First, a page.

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I Fear More What Comes After Wildfires

I stepped out of my house on Thursday morning, and sullen bands of ochre, tan, and sienna were smeared across the northern horizon. Hillsides in Glendora were burning in the cruelly dry air. Pale flakes of ash occasionally drifted through my walk, although the fire was miles away.

When I looked up later, a wide bank of smoke had spread west as far as Venice and south as far as Long Beach as if the fire attempted to encircle the basin. The smoke was gray, like a rain cloud on the horizon. But it wasn't.

Mandatory evacuation had been ordered earlier Thursday morning for Easley Canyon and San Gabriel Canyon Road and the neighborhoods west of Glendora Boulevard and north of Sierra Madre Boulevard. By noon on Thursday, the Colby Fire (as it was now named) had grown to nearly 2,000 acres. It was still uncontrolled.

By Friday morning, the fire had destroyed at least five homes, and 3,000 foothill residents had been evacuated overnight. The advance of the fireline had stopped. But I could still smell the incinerated chaparral.

Fire is natural to the foothill ecology, although the Colby Fire had a human origin. Los Angeles has periodically burned throughout its 233 history in seasons of drought and dry winds just like this season.

In 2009, wildfires in the San Gabriel Mountains covered more than 250 square miles, killed two firefighters, and destroyed 89 homes. The fires took months to burn out.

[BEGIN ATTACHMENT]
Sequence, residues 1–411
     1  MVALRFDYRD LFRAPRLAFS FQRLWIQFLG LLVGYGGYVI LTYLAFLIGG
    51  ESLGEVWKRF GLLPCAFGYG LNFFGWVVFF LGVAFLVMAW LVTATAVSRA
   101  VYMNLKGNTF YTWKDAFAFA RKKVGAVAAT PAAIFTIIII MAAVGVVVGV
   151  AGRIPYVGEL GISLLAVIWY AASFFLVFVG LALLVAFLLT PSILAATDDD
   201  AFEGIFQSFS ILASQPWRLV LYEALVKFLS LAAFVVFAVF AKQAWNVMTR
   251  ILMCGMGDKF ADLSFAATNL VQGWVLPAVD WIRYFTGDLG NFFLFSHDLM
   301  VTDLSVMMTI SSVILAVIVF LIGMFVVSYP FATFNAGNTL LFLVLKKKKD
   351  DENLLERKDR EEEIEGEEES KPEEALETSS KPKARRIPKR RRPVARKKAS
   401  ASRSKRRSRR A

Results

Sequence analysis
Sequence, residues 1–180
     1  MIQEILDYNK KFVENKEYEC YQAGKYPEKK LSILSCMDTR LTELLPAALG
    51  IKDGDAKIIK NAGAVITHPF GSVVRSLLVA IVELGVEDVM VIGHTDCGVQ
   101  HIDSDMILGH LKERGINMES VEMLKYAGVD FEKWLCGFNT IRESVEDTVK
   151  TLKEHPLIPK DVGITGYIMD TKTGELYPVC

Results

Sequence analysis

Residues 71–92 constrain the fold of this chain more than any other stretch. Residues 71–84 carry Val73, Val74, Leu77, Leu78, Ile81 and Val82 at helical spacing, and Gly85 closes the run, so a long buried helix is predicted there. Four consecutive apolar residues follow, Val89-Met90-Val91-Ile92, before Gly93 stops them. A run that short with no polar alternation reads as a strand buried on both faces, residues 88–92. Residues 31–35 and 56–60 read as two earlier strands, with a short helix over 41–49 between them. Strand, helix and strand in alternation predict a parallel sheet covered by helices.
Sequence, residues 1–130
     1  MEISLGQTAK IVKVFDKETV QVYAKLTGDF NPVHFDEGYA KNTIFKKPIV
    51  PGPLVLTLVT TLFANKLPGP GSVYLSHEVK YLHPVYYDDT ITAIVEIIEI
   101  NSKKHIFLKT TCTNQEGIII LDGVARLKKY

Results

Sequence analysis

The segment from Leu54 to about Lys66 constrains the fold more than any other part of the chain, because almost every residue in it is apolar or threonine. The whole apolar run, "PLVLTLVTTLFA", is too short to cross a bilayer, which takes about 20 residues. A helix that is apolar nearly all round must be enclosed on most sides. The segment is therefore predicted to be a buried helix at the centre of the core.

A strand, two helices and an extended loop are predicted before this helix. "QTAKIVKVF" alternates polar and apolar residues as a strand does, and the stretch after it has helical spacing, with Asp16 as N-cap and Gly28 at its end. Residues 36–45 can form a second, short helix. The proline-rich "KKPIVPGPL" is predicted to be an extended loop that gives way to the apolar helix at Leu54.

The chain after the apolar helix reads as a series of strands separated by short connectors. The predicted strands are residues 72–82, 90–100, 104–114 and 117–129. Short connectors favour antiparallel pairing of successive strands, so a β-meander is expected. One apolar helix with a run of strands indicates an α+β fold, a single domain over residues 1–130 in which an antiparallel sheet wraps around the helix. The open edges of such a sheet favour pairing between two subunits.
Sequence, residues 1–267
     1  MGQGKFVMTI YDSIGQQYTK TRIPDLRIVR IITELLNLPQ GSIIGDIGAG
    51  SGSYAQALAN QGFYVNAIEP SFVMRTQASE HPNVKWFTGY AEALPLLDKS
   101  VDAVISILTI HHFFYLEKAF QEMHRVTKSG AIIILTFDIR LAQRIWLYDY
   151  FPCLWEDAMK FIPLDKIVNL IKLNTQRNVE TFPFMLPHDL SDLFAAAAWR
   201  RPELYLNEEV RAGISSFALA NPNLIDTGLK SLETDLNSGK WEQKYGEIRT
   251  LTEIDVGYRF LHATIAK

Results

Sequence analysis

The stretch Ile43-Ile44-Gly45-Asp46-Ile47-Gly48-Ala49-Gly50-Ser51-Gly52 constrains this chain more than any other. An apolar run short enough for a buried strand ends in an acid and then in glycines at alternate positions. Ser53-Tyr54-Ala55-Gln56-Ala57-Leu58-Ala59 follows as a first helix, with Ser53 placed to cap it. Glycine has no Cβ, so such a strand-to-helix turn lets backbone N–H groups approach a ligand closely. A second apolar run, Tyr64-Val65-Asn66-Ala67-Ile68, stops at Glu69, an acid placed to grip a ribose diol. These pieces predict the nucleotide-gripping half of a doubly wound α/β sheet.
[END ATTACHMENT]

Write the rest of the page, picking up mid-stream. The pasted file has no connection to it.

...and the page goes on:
Because of fires like those, Los Angeles is judged to be so dangerous by some observers that Mike Davis based an entire book on the region's apparently lethal features, Hantavirus, mountain lions, bubonic plague, and tornadoes among them. This week gave us new reminders. A magnitude 4.4 earthquake on Wednesday was followed by another, smaller earthquakes early Thursday and Friday mornings.

When the Colby Fire began in the eastern foothills, it was entirely expected and fighting it was carefully planned for. The immediate danger was soon over.

I live a long way (in local terms) from those foothills, but what happens after in them affects me and my neighbors.

Fires in November 1933 stripped the chaparral from the slopes above Glendale. A pair of winter storms in late December ended in a 24-hour period during which 7.31 inches of rain fell. At midnight on December 31, the rain pushed a slurry of runoff, mud, and boulders down the streets of La Crescenta, La Cañada, Montrose, and Tujunga killing at least 44.

As many as 400 homes and businesses were damaged, many of them smashed by one-ton boulders tumbling out of once-dry arroyos. (Los Angeles Times photo gallery and stories of the survivors.)

The 1934 flood resulted from two days of rain that fell at a peak rate of about 1.3 inches an hour. In many places on the east coast, this might be considered normal rainfall. But those places aren't Los Angeles. They're not at the foot of geologically young mountains with steep, eroding slopes covered in highly flammable vegetation. The combination of slope, rainfall, and fire make flooding on the Los Angeles plain inevitable.

The inevitable occurred in 1938. The worst flood in modern Los Angeles history killed least 113.

The 1938 flood was the model on which the Corps of Engineers and the County Flood Control District built the concrete channel that replaced the Los Angeles River. From our fears, the corps and the county constructed 470 miles of channels, 2,400 miles of underground storm drains, and more than 30 other flood control structures that must be constantly maintained.

Wildfire in our foothills has a lurid reputation, backed by Telecopter images of flames and homeowners fleeing just ahead of them. We briefly shudder in sympathy at we see on television.

What is sure to follow one day after another fire frightens me more.

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